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Color theory The Basics: tints, tones, and shades #becolorsmart

Color theory The Basics: tints, tones, and shades #becolorsmart

Color theory The Basics: tints, tones, and shades #becolorsmart


Today we’ll be learning more about color theory.

This is an ongoing part of my #becolorsmart series, teaching you how to use colors in your life. I hope you're excited! We're still going over the basics, but these are SO important to know.

The last installment we went over the color wheel, mixing and warm and cool colors. Make sure to check out this blog post or video if you missed it.

Today we’re covering tone, tint and shade. We'll also go over the basics of value.


Let’s got over some definitions first

Tint is when you add white to a pure hue
Example Red + white = Pink

Tone is when you add grey to a pure hue
Example Red + grey

Shade is when you add black to a pure hue
Red + Black


You can see, tints, tones, and shades are just variations of colors and the affect the chroma of the hue.

Chroma is the vividness or how pure a hue is, we’ll cover this more in the next The Basics: hue, saturation and value.

Another thing to note is that lightening the hue with white or darkening with black, changes the value. This is something you wanna be mindful of if you're using the color theory for makeup, interior design, gardening, etc. We’re going to quickly go over value, but we’ll go over it again in the next post on Hue, Value and Saturation.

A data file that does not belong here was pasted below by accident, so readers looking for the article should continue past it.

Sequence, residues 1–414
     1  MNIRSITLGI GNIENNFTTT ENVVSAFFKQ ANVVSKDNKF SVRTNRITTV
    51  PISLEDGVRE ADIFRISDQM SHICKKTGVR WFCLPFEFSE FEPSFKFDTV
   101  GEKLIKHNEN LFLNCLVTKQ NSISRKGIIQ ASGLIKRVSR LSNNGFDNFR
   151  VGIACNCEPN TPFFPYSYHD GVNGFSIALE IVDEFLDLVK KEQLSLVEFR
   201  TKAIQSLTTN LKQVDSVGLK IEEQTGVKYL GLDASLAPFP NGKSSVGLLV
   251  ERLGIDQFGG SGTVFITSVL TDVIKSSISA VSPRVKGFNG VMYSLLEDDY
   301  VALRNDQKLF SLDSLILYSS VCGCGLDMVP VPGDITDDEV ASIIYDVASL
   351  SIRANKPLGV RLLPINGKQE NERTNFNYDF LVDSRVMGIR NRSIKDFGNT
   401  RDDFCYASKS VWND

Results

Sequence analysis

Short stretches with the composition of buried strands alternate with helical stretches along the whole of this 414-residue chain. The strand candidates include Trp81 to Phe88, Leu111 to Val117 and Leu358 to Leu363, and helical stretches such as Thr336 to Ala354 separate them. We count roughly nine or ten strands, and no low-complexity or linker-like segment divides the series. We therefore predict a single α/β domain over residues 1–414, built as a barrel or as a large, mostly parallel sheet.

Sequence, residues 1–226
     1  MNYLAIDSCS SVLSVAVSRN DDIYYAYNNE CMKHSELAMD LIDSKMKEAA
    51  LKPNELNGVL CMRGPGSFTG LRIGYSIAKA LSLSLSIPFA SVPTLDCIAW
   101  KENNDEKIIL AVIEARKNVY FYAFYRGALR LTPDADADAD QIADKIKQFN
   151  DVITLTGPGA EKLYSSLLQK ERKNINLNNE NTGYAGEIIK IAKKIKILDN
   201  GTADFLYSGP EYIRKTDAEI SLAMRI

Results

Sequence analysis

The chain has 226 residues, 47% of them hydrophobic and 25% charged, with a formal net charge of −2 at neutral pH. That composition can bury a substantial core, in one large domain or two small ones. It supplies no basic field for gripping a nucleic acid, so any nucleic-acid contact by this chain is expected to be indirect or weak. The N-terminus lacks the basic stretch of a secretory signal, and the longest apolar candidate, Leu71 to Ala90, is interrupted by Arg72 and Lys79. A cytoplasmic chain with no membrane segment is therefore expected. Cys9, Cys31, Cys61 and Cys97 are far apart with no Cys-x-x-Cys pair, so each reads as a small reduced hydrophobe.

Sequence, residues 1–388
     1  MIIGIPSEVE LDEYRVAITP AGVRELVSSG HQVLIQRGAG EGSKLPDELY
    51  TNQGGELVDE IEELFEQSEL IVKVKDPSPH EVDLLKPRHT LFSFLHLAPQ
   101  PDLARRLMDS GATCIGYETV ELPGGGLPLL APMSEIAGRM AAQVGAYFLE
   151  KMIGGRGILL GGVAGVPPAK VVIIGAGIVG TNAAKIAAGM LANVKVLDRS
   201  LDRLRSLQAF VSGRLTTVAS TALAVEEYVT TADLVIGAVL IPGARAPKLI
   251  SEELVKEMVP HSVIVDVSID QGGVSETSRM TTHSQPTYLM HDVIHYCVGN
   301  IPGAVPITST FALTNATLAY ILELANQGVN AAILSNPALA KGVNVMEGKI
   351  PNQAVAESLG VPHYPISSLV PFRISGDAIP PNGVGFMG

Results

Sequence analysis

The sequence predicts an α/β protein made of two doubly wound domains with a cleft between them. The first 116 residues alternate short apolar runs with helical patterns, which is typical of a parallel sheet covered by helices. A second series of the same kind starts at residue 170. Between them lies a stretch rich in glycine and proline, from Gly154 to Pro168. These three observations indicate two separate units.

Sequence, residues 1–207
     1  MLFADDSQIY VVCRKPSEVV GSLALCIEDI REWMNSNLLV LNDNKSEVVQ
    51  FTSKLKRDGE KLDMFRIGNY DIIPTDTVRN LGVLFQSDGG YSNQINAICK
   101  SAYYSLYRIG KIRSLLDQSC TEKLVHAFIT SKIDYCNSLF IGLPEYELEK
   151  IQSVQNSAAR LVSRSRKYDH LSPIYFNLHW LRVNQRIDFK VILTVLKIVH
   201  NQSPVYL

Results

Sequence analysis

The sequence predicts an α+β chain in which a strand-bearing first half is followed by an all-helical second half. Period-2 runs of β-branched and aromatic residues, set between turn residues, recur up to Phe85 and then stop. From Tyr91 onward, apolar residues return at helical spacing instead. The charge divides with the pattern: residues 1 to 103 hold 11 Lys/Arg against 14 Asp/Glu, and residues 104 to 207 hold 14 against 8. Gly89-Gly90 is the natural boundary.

Value is how light or dark something is.

Here is a very simple value scale, on one side we have white, the middle we have grey and the other we have black.


This is a very simplified scale, since you can have also have a smooth gradient with a multitude of levels. We’re going to keep it simple and cover this more later on.


By adding a tint to the hue, you can make it lighter and change it value, adding shade will make it darker and change it’s value.

Adding a tone, just changes the chroma, and doesn’t change the value.

Think of it like this, Value is the vertical line and then the chroma is the horizontal. If you add a midtone grey to red no matter if you add 20% midtone grey to 80% red or 80% grey to 20% red it's still the same value.

You can see how I am mixing the red and grey in the first photo, the second photo is the same photo, just in grey scale. The Value stays the same.

In real life example

For example, you want to wear a red lip, but you don’t want a dark red, or a pink, you can add a tone to reduce the chroma of the hue while leaving the value alone.

You like the butter yellow of your guest bathroom, but it's too bright. You could tone the yellow to mute it, while still keeping the lighter value.

Overall, tone, tint, and shade will be most useful when you are mixing your own colors. It is also fundamental to know when making color selections with more complex color harmonies (we'll go in depth in color harmonies in the future).

It’s a pretty easy concept over all and we’ll be going over the more advanced Hue, Value and Saturation in the next post. We need to cover how to mix tone, tint and shade first since all these definitions will interplay as we get deeper into understanding color.

I hope you enjoined the post, and make sure to subscribe to my newsletter to be updated when the next color theory and #becolorsmart tutorials arrive! To see more in this series, you can also follow me on my other forms of social media below!

For more color inspiration follow my color board on Pintrest! As always, ask any questions or clarifications in the comments below!



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